Thursday, January 4, 2024

Illinois Federal Judge Denies Injunction Against New Gun Ban, Case Set for Appeal

A federal judge in the Southern District of Illinois recently rejected a request for a preliminary injunction against the new "assault weapons" ban in the state, which became effective January 1st.

The lawsuit, titled Federal Firearms Licensees of Illinois v. Pritzker, was brought by a coalition including the Federal Firearms Licensees of Illinois (FFLI), Guns Save Lives (GSL), Gun Owners of America (GOA), Gun Owners Foundation (GOF), Piasa Armory, and individuals Debra Clark, Jasmine Young, and Chris Moore. They sought an injunction from Judge Stephen P. McGlynn to halt the implementation of Governor JB Pritzker’s gun control legislation. This request follows a previous injunction by Judge McGlynn, which was later overturned by a panel from the U.S. Court of Appeals for the Seventh Circuit.

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The plaintiffs argued that the Protect Illinois Communities Act (PICA) violates both the Second Amendment and the Fourteenth Amendment's Due Process Clause. Their Fourteenth Amendment challenge was twofold: an "inadequate notice" claim and a vagueness argument, contending that the definition of "assault weapon" in the law is ambiguous and the process for registering such firearms and accessories is unclear.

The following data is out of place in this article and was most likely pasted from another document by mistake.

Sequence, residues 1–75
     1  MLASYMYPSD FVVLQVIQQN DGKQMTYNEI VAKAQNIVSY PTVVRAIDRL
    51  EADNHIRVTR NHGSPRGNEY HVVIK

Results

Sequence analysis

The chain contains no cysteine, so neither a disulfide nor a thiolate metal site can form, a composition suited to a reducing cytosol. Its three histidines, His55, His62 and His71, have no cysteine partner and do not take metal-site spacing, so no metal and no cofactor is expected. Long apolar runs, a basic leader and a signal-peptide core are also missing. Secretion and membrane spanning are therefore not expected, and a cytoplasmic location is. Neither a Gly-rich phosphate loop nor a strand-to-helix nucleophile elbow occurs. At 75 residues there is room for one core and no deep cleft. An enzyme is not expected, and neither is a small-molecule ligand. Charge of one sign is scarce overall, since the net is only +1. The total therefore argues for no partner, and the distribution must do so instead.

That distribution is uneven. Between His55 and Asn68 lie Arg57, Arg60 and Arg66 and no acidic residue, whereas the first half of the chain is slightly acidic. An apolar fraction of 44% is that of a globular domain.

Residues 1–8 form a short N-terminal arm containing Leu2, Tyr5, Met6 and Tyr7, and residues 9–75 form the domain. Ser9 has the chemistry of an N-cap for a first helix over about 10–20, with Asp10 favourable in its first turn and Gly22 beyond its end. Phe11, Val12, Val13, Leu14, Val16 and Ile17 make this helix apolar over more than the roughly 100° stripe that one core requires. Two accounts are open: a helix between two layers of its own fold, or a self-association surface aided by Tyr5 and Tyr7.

The state, on the other hand, maintained that the plaintiffs were essentially seeking to overturn the Seventh Circuit's decision and argued that the notice provided, through a press release and a message on the FOID (Firearms Owner Identification) website, was sufficient.

Judge McGlynn found that while the Illinois State Police (ISP) could have done more to inform gun owners, they were not legally required to exceed the minimum effort they had already made. He also did not address the Second Amendment issues at this stage, focusing instead on the Fourteenth Amendment claims.

Ultimately, the Judge denied the motion for a preliminary injunction and granted the Government's Motion to Dismiss on the grounds of notice and vagueness, dismissing these claims without prejudice. This means that the plaintiffs can refile their motion in the future.

With the law now in effect, the plaintiffs are planning to appeal the judge's decision.

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